MysteryPeople’s Pick of the Month: ‘The Galway Epiphany’ by Ken Bruen

Crime Fiction Coordinator Scott M.  reviews The Galway Epiphany by Ken Bruen, MysteryPeople’s Pick of the Month for November. Read more below.

9780802157034_ee1dbThere were reports last year that Galway Girl would be the last last novel in Ken Bruen’s Jack Taylor series. Luckily, that was a rumor. The misanthropic Galway detective is back in one of his best yet with The Galway Epiphany. And while Taylor may have found a better outlook on his life, but it’s still a bleak life.
We find Jack possibly at his most peaceful, living on the country estate of his friend, ex-Rolling Stones roadie and hawk trainer, Keefer. A trip of personal affairs brings him back to Galway where he is hit by a truck and robbed by two children as he passes out. He awakens in the hospital unscathed and is soon hired by a questionable order of nuns to find the two kids, who Jack learns are two refugees from Guatemala deemed “miracle children.” The trail puts him up against an arsonist and he is also hired to avenge a young girl’s suicide caused by a cyber-bully. As Jack learns more about the children, he discovers two kids who were molded into sociopaths, particularly the girl, Sara. To say more would ruin the emotional jolts the author designed.
Bruen uses all of the tropes he has established in the series to deliver something in relationship to the progress Taylor has made. He knows we don’t want a chipper Jack. The sudden brutal violence, black humor and the dark journeys to the heart are all there. Now they become a bigger threat to Taylor, who has a newfound and fragile sense of himself. He has become less victim and more survivor. All of it is put in a precarious position as he is pushed to a hellish decision.
Many look at Jack Taylor as an anti-hero, but his world is making him a hero. Much like Sara, circumstances have hardened him to do the dirtiest of jobs. However, probably due to being an avid reader, they have not not obliterated his heart or empathy to be the Chandler tarnished knight when the chips are down as his cases in The Galway Epiphany run along the backdrop of Trump and Brexit news barreling near the COVID-19 discovery. Let’s hope Ken Bruen keeps Jack around for our time.

The Galway Epiphany and other titles mentioned in this post are available at BookPeople in-store and online now.
About the Author: Ken Bruen imagereceived a doctorate in metaphysics, taught English in South Africa, and then became a crime novelist. The critically acclaimed author of twelve previous Jack Taylor novels and The White Trilogy, he is the recipient of two Barry Awards and two Shamus Awards and has twice been a finalist for the Edgar Award. He lives in Galway, Ireland.

MysteryPeople’s Pick of the Month: Next To Last Stand

MysteryPeople’s Pick of the Month is Craig Johnson’s Next To Last Stand. Read on for Scott M.’s thoughts on the latest Sheriff Longmire caper.

9780525522539_90cdc“Unless you know your craft, you can not express your art.” – Alfred Hitchcock

This quote kept popping up in my mind, starting at page one and all the way to the final sentence of Craig Johnson’s latest Sheriff Walt Longmire novel, Next To Last Stand. Johnson tells this story with such a light and humorous touch, it can be easy to miss many of the themes and ideas he explores, seeing it as one of his “funny books.” That said, you would be numb to miss the emotion those themes touch.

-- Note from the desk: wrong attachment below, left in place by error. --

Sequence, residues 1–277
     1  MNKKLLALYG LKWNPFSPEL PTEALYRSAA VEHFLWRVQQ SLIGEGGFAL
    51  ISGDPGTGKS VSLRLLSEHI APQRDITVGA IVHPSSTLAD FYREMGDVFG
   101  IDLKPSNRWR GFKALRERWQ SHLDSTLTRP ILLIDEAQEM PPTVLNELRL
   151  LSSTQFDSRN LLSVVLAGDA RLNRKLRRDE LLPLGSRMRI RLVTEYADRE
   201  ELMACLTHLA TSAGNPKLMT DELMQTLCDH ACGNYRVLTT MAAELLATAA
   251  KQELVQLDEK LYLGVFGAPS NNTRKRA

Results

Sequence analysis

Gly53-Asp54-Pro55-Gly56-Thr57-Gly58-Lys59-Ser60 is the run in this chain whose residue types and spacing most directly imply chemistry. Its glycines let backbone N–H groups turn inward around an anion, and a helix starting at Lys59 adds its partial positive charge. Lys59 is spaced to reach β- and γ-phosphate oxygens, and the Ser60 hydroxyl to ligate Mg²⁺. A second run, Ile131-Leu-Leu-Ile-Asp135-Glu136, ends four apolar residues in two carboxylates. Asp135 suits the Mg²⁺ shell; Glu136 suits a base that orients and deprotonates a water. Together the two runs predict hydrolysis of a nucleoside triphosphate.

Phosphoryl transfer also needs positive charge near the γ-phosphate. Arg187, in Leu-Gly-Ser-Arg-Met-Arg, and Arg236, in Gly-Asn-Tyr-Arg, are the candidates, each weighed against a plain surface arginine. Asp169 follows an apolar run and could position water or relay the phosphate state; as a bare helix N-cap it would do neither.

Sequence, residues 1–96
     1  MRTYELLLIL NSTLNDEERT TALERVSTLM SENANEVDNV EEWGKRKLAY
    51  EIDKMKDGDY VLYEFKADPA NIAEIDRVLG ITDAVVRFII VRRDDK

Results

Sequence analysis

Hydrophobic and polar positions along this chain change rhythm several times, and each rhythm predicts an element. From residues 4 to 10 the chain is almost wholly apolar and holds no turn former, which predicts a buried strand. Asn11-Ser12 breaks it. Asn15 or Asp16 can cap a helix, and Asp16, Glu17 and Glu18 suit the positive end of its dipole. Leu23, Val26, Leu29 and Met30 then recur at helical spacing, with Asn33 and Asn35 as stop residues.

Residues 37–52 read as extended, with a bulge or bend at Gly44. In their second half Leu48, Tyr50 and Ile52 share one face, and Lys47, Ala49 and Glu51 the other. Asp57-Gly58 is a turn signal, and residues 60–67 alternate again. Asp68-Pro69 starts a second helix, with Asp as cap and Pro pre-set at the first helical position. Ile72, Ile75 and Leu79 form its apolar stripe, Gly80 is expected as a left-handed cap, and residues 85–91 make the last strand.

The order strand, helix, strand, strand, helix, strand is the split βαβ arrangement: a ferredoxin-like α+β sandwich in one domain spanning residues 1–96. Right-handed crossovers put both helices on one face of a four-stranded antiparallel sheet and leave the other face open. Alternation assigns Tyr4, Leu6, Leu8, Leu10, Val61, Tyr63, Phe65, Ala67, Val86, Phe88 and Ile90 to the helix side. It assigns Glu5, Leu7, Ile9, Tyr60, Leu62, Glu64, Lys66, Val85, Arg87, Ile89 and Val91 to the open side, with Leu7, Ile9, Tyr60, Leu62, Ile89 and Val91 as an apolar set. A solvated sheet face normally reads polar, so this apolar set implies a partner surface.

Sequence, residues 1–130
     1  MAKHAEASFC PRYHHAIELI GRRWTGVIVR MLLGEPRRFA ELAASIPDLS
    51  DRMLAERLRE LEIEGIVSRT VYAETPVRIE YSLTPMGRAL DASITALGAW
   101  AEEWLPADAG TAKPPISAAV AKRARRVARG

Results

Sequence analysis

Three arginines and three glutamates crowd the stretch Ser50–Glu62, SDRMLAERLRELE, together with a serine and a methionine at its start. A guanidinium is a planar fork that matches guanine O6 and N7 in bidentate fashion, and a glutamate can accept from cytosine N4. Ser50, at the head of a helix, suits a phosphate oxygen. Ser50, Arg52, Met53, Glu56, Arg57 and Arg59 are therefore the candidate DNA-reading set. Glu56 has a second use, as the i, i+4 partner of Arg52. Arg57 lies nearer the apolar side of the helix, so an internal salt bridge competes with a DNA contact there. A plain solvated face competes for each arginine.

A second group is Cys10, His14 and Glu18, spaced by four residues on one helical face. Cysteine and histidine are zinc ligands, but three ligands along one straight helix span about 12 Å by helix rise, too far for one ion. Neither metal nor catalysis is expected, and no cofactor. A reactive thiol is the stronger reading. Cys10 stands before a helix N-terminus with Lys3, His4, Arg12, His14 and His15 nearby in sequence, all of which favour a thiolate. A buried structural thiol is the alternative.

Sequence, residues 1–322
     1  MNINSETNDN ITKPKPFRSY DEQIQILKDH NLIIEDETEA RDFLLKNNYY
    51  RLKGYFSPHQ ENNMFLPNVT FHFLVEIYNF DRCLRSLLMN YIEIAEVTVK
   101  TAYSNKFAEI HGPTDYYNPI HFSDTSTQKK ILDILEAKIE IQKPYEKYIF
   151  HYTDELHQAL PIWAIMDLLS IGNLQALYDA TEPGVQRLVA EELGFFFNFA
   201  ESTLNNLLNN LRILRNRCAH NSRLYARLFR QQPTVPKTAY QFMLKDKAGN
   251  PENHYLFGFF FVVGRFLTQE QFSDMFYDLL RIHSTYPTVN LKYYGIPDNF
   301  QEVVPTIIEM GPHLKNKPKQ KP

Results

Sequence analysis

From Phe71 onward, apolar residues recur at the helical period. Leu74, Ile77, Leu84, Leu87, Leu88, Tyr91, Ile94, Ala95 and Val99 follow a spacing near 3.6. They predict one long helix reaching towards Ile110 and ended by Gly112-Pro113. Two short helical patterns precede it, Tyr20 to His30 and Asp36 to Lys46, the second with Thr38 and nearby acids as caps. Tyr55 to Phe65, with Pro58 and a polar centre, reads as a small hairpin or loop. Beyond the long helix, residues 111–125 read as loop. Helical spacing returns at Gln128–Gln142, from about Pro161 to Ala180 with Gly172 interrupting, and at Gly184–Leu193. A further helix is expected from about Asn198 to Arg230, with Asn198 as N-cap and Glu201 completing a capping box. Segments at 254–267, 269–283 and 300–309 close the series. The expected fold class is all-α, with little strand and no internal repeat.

It begins with Walt chatting with The Wavers, a group of elderly vets who sit in their souped-up wheelchairs outside the Wyoming Home For Sailors And Soldiers, waving at passing motorists. In Walt’s position we view and understand these men the traveling families don’t see through their windshield. It subtly leads into one of the main themes of the book concerning men who will never stop being soldiers.
One of the Wavers, Charlie Lee Stillwater has passed. A Black vet and amateur student of western history and art, Charlie was a favorite of Walt’s daughter Cady. He appears to have died of natural causes. The mystery concerns a million dollars found under his bed in a shoebox.
Also found in Charlie’s room is an artist’s study of a cavalry soldier fighting a Native American. Walt soon matches it to the painting Custer’s Last Fight by Cassilly Adams, made famous by the Anheuser Busch company from the reprints they sent to practically every bar in the country. History says the original burned up in a fire at Fort Bliss in 1946. However, that may not be the case and Charlie may have had the painting in his possession, brokering a deal. Soon Walt is plunged into the western art world, dealing with high Wyoming society, dangerous Russians, and history versus legend.
Johnson may have given mystery fiction its best MacGuffin since The Maltese Falcon. The painting itself holds a fascinating history that engages both Walt and the reader, his deputy and lover, Vic, not so much. It also has him donning a tux to go undercover at an art auction with comic results. Also, much like The Maltese Falcon, Johnson makes one of the mysteries concern its actual existence.
It also serves as a touchstone for many of the book’s themes. One is the “Print The Legend” controversy often associated with the west. The painting itself holds many inaccuracies, including Custer wearing his hair long and the attacking tribes having shields that were more appropriately carried by Zulu warriors in Africa. One of the funnier chapters has Walt struggling to explain what he was taught about the battle to Vic while his Cheyenne buddy Henry Standing constantly lobs history from the Native American point of view all while the highly inaccurate Custer Of The West plays on the TV above the bar.
He also uses painting and plot to examine the ghosts combatants carry when the war is over. Craig ties this to what Walt is dealing with from the events that occurred in Depth Of Winter that has brought out his darker side of him, partly created by his Vietnam experience. A wonderful moment that ties these themes together occurs during a chess game with Walt and his predecessor Lucian, a World War Two vet, as they discuss how the many famous battles are lost ones.